I have also received some very kind remarks about my blog, and the way I have held myself in my interviews with the press and TV. I am obviously extremely grateful for these lovely comments, but also surprised at how many people are actually starting to take me seriously! Looking at me as someone with an opinion that matters rather than a silly little girl. As part of my campaign for change within the NHS Screening procedures I been in touch with various highly respected journalists, and members of the Royal College of Obstetricians and Gynaecologists, the Department of Health and MPs, and to my complete astonishment my letters and phone calls have been taken seriously and are being acted upon! I am no longer regarded as I used to be and I suppose I have been forced to mature and become more serious and focused.

Someone told me that when you suffer a bereavement, you do change, and you will never be that same person that you were before your loss. That is very true. I know I have changed, and the world before Harry seems like a very different world. I was saying to a friend this week "oh yes, well that was back when I was fun".... Real fun seems like such a long time ago and whilst I am living in this dark world of grief it does feel like a way off. But that fun, silly, light hearted girl is still inside somewhere, and I am sure she will make a reappearance, one day.

Thursday, 16 August 2012


Over the past few weeks my life has been consumed by thoughts of "trying again".

I have been endlessly reading the forums of baby sites, learning all the acronyms used for ttc (trying to conceive). I have learnt how to read the signs your body gives you, at different times of the month to let you know when you're ready to make another baby. Obviously, as I am so desperate for another baby I am reading way too much into every niggle my body gives out. And at one point was so convinced I was already "with child" that I was taking pregnancy tests every day, and pouring over the tests, searching for that little line confirming my dreams had come true.... but nothing. Every day I would wake early, take the test, and spend a good 15 minutes wishing the lines to appear... and it didn't. Disappointment turned into sadness, then frustration and then when a week late, finally my "AF" showed up, I was just left feeling empty and hopeless.

I am not trying to replace Harry, not for one minute... I just feel that I need a baby in my life right now. I was so ready to be Harry's mum. I had been so excited about the life I had planned out for him, and sharing him with my family. And too soon, it was all over and suddenly we were saying goodbye, just as quickly as we had said hello. The space I had made in my life for Harry, and he filled that space for only 26 hours, before he was taken away again. So that space is still empty and I can't bear it.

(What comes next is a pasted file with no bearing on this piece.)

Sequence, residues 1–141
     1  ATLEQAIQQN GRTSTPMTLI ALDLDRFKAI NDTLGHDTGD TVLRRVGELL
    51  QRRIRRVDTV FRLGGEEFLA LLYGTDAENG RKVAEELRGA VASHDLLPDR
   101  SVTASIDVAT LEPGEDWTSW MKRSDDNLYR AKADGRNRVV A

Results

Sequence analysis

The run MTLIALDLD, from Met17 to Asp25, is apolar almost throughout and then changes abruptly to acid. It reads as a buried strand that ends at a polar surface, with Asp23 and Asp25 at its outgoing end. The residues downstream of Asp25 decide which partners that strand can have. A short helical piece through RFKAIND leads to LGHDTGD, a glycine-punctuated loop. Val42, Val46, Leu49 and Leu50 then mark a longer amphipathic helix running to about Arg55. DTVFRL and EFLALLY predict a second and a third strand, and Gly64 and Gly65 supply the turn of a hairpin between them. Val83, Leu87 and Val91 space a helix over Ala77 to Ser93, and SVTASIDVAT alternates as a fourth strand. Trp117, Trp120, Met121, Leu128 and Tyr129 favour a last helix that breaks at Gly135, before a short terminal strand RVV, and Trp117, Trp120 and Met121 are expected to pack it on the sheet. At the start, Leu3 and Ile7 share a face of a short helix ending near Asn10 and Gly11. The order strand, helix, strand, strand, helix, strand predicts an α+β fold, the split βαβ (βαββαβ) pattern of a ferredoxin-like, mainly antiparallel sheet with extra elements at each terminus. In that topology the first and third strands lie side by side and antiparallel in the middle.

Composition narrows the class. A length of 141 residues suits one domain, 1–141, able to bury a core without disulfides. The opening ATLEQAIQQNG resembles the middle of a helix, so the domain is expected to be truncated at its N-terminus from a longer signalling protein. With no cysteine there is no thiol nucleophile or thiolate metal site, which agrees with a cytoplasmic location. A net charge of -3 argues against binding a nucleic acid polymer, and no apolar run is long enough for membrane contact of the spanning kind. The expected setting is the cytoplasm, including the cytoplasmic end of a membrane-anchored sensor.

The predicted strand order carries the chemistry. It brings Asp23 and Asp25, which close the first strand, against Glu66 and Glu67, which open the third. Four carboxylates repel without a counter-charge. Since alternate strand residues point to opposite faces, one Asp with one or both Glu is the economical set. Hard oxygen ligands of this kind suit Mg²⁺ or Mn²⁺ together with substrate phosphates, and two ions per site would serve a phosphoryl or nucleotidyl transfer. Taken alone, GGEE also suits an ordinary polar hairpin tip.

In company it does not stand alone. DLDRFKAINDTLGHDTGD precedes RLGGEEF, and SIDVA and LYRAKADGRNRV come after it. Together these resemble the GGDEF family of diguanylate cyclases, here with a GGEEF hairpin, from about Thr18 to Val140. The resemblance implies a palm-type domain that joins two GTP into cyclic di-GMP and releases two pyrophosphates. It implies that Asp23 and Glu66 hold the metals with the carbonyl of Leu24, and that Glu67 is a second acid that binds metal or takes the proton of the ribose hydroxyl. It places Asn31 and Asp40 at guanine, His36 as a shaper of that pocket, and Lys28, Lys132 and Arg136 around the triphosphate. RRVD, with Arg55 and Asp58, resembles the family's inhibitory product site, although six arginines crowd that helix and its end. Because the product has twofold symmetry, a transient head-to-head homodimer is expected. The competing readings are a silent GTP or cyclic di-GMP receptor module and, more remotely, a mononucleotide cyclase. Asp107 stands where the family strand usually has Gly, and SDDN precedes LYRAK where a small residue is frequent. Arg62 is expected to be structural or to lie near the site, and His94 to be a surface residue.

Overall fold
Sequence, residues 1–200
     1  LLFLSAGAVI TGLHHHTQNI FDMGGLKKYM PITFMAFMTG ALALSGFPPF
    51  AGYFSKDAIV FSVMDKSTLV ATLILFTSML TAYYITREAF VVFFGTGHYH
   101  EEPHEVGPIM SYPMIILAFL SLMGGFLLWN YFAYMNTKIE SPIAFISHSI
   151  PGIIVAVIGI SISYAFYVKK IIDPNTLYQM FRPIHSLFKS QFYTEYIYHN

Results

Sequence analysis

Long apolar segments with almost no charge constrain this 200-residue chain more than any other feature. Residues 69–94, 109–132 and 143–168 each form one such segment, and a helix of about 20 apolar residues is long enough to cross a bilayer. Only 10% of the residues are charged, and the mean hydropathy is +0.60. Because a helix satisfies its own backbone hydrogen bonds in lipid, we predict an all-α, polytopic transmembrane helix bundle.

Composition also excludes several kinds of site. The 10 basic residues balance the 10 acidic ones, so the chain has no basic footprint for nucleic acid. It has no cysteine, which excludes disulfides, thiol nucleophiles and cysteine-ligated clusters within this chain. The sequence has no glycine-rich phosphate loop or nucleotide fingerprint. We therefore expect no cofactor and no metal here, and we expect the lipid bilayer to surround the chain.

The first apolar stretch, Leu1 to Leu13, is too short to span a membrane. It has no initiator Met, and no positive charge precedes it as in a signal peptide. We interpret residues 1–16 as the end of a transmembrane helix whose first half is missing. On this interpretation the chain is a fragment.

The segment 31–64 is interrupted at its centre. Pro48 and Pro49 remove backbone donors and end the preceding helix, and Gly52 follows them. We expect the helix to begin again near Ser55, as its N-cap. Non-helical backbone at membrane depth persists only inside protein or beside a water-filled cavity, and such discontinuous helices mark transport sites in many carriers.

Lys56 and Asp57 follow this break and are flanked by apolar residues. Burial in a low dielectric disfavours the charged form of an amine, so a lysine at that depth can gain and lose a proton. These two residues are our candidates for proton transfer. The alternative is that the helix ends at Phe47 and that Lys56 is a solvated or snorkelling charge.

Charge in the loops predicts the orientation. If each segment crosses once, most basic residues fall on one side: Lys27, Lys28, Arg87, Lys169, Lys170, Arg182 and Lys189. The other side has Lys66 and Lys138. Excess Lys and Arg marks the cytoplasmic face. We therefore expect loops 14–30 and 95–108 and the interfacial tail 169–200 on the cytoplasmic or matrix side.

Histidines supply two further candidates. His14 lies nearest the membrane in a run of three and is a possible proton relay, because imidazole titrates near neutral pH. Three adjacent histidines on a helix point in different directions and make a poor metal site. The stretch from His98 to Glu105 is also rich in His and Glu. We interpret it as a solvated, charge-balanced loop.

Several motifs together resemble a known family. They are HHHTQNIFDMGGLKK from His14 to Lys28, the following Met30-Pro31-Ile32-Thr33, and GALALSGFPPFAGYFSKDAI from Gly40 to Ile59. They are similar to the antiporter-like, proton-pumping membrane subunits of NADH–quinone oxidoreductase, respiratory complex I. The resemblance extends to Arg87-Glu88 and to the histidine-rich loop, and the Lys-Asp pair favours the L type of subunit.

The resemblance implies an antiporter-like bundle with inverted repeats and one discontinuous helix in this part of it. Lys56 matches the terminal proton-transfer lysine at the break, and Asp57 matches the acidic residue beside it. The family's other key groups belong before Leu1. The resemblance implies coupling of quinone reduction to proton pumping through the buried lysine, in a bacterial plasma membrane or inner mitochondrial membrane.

The other thing is, seeing other babies. I don't know why I do it, but when I see a pram I always peer inside to see the baby, and always love to see their dear faces. It is such a real physical pain when I see the little face of a boy, it makes me just want to burst into tears immediately, remembering the little face of my beautiful Harry. My bereavement counsellor was speaking to me about this and we discussed friends with babies. We spoke about the act of me holding someone elses baby. I really feel that holding someone elses baby is going to be so so painful that I will not be able to do that until I have held my own, next baby. That may be a long time away yet, but right now, the idea of holding a baby just reminds me so much of holding Harry and saying goodbye, and I don't want to put myself through it, or the new mother, or the poor innocent little baby, who doesn't need to be held by an emotional wreck!

Poor William is starting to ask about when we will be having another baby as well, and I wish it were as simple as "Mummy and Daddy go to the shops" as he said today. Bless him. I so desperately want for him to be a big brother, he will be so good at it.

Hearing of others conceiving is like a blow to the stomach. Seeing heavily pregnant women makes me just so jealous. They will go on to have their healthy babies. Mine was taken, so cruelly.
I was in the toy store with William last week, and I heard a woman with her toddler, buying a present for the new baby. William and I had done this together the day before I was induced. William bought Harry a soft toy robot, and Harry bought William a Buzz Lightyear and a Rex - to help William accept a new member of the family. When I heard her say "when you come see Mummy in hospital, you can give this to the new baby" I was suddenly transported back to the day when we did the exact same act, before all this happened and when the world was a happier place.